Hugh’s text describes the anatomical structure of a woman and the dynamic relationship with her ‘great liking’, her sexual appetite. Adopting the language of Galen, Hugh understands women to be naturally colder than their male counterparts. To be ‘hot of kind’ made higher order multiples more likely and twins, then, a minimal measure of enlarged sexual and reproductive potential.
The fusion of ancient natural philosophy and medieval moralism is especially evident in the writings of the thirteenth-century theologian, Albert the Great (Albertus Magnus, c. 1200 – 1280). Though Albert did not fully endorse the Hippocratic and Galenic view that the shape of a woman’s uterus was the cause of twins,  he did regard multiple birth as a sign that humans were liminal figures whose sexual appetites could encourage the generation of multiples: ‘the human is an animal lying midway, as it were, between two genus, one of which naturally generates many young and the other which naturally generates one young.’ As a consequence, twins are drawn into debates not only about the animality of humans but also included in more general discussions about the meaning and significance of mutants and monsters. So, in Book 18 of On Animals, his commentary on Aristotle, we find a monk like Albert suggesting that the ‘cause of too many or too few members being one and the same.’ Albert also agrees with Aristotle’s theory of seed but recognises that men and women make an equal contribution to the formation of a fertilised embryo (‘the male produces excessive sperm and the female with whom he copulates should overbound as well with a great deal of superfluity’). Hence, for Albert, twins exist on a cline of the monstrous that links multiple births to physical deformation and sexual ambiguity: ‘if the power in one is overcome and overcomes in the others, then a hermaphrodite will be generated.’ Next to these Aristotelian ideas, however, which are largely material and teleological in nature, Albert added the vagaries of a woman’s sexual pleasure, which he also thought to be equally and problematically given to excess.
The cause of Albert’s revision of Aristotle may reflect lie in the sources that were not of Greek or Roman origin. J. M. Thijssen argues that his writings bear a strong resemblance to those of the tenth-century Persian philosopher and medic, Avicenna (980 – 1037), particularly where he mimics Avicenna’s understanding of twin birth and its departure from more mechanistic theories. Via Avicenna, Albert stresses the emotional content of human reproduction and the way that the pleasure and heat that women may feel during sexual intercourse makes a significant contribution to the generation of twins. This pleasure is said to occur in three stages, at the moment of female ejaculation (eiectiones spermatis), the movements of the vulva when it draws in semen (Mootus orificii matricis in sugendo), and the movements of the womb throughout pregnancy. The various kinds of pleasure women may feel during and after intercourse, especially where it may encourage movement, thought Albert, served to harness and redistribute the overabundant quantity and position of sperma, causing it to divide and settle into the different parts of her uterus to generate twins. Such twin-making pleasures reinforced Albert’s belief that women were, when compared to other animals, sexually insatiable; indeed, the generation of twins could be used as evidence for their sexual appetites.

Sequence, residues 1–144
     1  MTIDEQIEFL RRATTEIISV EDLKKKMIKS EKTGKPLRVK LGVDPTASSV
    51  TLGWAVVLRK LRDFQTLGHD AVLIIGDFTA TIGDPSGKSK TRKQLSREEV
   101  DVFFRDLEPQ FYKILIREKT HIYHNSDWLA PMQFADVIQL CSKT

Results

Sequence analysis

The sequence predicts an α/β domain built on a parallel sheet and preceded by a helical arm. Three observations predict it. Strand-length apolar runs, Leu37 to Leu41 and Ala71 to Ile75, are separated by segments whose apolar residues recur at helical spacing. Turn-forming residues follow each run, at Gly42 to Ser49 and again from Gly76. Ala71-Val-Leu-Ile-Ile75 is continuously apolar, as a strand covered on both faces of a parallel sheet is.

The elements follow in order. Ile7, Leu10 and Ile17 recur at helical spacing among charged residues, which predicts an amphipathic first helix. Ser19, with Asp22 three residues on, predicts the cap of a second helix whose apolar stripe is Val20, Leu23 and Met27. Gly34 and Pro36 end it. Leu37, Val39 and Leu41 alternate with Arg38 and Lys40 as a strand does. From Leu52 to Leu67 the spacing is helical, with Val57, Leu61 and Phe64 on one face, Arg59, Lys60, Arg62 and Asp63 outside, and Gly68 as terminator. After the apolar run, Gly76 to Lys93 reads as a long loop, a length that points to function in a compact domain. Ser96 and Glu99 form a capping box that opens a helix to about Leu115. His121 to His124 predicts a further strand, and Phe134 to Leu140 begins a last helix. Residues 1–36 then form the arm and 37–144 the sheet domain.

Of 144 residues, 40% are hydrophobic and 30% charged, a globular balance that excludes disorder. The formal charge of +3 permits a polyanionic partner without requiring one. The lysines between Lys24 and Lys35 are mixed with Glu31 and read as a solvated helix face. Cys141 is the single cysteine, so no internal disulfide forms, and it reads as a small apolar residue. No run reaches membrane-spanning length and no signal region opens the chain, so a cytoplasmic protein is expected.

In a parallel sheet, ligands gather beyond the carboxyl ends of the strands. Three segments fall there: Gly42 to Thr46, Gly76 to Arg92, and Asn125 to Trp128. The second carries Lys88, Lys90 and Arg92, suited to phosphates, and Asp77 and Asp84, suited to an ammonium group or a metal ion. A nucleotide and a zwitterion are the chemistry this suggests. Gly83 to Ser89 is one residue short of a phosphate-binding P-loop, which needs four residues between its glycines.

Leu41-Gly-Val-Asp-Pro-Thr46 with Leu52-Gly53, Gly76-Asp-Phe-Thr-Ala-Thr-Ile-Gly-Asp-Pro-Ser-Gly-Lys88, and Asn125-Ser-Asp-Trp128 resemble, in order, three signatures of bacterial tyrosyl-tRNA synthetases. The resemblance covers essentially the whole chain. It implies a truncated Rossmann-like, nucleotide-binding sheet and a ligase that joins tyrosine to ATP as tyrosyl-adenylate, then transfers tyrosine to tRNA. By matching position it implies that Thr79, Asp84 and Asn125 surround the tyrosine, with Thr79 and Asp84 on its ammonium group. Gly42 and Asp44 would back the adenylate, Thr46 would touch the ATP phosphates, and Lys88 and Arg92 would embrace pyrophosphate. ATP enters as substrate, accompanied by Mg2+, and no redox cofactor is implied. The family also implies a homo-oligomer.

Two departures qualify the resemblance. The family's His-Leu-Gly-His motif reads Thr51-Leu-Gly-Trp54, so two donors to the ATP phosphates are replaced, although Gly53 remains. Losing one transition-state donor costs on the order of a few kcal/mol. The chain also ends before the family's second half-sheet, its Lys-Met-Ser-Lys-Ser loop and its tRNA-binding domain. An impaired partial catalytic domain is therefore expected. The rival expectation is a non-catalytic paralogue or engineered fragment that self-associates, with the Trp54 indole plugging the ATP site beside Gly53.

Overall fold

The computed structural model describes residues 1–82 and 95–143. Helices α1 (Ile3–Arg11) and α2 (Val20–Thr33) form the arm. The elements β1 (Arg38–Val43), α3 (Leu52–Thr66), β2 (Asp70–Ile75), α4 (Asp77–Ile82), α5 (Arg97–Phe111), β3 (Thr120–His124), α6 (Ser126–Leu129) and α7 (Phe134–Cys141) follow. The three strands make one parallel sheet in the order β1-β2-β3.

Above all other animals, Albert claims, female humans and mares are most likely to superfecundate; to conceive in separate but sequential copulations and generate twins in a single gestation. Whereas Aristotle presented superfecundation as a rare event and could allude to the mythology familiar to his interlocutors, Albert makes it an active extension of female desire because she ‘desire[s] copulation more than do others. It is the toughness of their flesh which creates (or rather gives indication of) this appetite. All animals which have tough flesh have full flesh because blood does not flow out from them and the last food is poured into the members. They thus desire a great deal of copulation, especially woman and the mare.’ It is not simply the case that women can emit a material excess of ‘spermatic humor,’ they are naturally predisposed towards a expressing an increased sexual appetite. Twins, as the gendered by-product of an immanent bodily and moral predisposition, were taken as evidence of how material and ethical taxonomies could coalesce in the natural world.
Assessments of twins that stress the sexual behaviour of women cast the ‘issue’ of twins – both as a process that resulted in birth and as figures of scholastic debate – into a wide variety ancillary debates: the anatomical composition of human sexuality and gender; the domestic roles of each gender; ideals about the size and composition of populations; the paths for Christian salvation. For women, the bearing of children during this era was seen as both a punishment for the original sin of Eve and a means to attain salvation. So, a contemporary Dominican to Albert, Nicholas of Gorran (1232 – 1295), argued that a woman’s source of Christian salvation was to ‘generate children continually until her death.’ While such attitudes towards childbirth do not tend to mention twins explicitly, moral economies that determined gender roles on the basis of reproductive capacity may have encouraged parents of twins to view their offspring as an extension of their religious duty. On this I can only speculate. Where twins are mentioned in Albert’s writings we find him taking a more cautious view – both towards multiple births and towards human population growth more generally. He acknowledges that salvation-through-reproduction, if pursued, harboured the threat of overproduction. We see then, in this illuminated manuscript of de Animalibus, a continuum; from single pregnancy at the top, to twin pregnancy directly below, to the woman at the bottom corner with quintuplets, to the figure in the right margin, whose gargantuan reproductive capacities render her pregnant with 28 foetuses. Though his text stresses that such outcomes are unlikely, the causal mechanism and the depth of female desire described within makes this threat possible